Xilinx has unveiled its adaptive compute acceleration platform (ACAP), a new FPGA product category that will form the basis for the company’s push into the datacenter.
According to the press release, ACAP will integrate an FPGA with other programmable components, combining the flexibility of reconfigurable hardware with the software friendliness of more standard digital circuitry. It’s designed to accelerate a range of data-intensive workloads in the datacenter on both servers and edge devices. In particular, Xilinx is aiming ACAP at things like video transcoding, database processing, data compression, search, AI inference, genomics, machine vision, computational storage and network acceleration.
The company is claiming that the first ACAP devices will be 10 to 100 times faster than CPUs for these applications and will have more versatility than either GPUs or ASICs. Some of that versatility is inherent in the reconfigurable nature of FPGAs, whose hardware can be reprogrammed on the fly to switch from say, image searching to genomics analysis, in a matter of minutes. Xilinx says the first iteration of ACAP will be 20 times faster than the company’s latest Virtex VU9P FPGA on inferencing neural networks, one of the key applications the company is aiming at.
"This is a major technology disruption for the industry and our most significant engineering accomplishment since the invention of the FPGA," said Victor Peng, president and CEO of Xilinx. "This revolutionary new architecture is part of a broader strategy that moves the company beyond FPGAs and supporting only hardware developers. The adoption of ACAP products in the datacenter, as well as in our broad markets, will accelerate the pervasive use of adaptive computing, making the intelligent, connected, and adaptable world a reality sooner."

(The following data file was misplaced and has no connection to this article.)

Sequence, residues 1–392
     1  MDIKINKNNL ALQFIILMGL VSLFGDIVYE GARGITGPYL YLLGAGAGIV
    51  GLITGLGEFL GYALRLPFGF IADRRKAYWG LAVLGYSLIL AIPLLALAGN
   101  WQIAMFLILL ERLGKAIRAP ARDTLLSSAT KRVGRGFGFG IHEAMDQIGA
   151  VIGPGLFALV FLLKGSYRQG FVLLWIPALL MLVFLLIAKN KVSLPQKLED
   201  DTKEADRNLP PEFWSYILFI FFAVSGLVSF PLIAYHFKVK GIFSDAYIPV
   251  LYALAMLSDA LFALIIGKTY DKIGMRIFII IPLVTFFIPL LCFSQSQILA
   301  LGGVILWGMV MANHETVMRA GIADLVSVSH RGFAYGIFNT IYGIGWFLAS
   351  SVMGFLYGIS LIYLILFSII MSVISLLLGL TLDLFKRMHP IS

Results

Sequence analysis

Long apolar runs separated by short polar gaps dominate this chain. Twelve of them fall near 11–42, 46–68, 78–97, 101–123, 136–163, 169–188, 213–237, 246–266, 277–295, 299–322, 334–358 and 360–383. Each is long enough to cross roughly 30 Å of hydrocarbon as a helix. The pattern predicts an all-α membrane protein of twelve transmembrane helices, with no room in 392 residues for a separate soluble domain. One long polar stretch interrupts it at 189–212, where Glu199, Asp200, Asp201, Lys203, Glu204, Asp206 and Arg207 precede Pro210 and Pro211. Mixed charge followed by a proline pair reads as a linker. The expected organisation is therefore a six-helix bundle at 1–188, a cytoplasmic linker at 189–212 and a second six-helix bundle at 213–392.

Image: APAC functional design. Source: Xilinx
ACAP’s key design feature is heterogeneity, implemented as “a new generation of FPGA fabric.” Basically, it’s an integrated device that connects an FPGA with distributed memory and programmable DSP blocks, a multicore SoC (likely ARM-based), and one or more programmable compute engines, all of which are connected through a network-on-chip (NoC) fabric. ACAP also contains programmable I/O and memory controllers, along with an option for integrated high bandwidth memory. The initial product line, codenamed “Everest,” will be implemented using TSMC’s 7nm process technology.
Developers will be able to write software for these devices using traditional programming languages like C/C++, Python and OpenCL. The platform will also be amenable to programming at the register transfer level (RTL) employing standard FPGA tools. By offering a mix of both software and hardware, Xilinx hopes to make the architecture more accessible to application programmers, while also supporting the low-level capabilities that makes the FPGA so malleable.
Xilinx has invested a lot of time and resources into ACAP. To get from the drawing board to Everest has taken four years and occupied more than 1,500 engineers. The FPGA-maker says it has sunk more than a billion dollars into the product line’s development.
This is not Xilinx’s first pass at heterogeneity. Prior to ACAP, Xilinx developed the Zynq product line, which offers FPGAs integrated with ARM processors, DSP blocks, and even GPUs, packaged as an SoC. Zynq products, however, are aimed mainly at the embedded space. ACAP, on the other hand, is focused on computational acceleration, principally in the datacenter, and presumably will pack a lot more computational horsepower onto the die. The biggest Everest products are expected to have around 50 billion transistors. The plan is to tape out the first chips later this year, followed by customer shipments in 2019.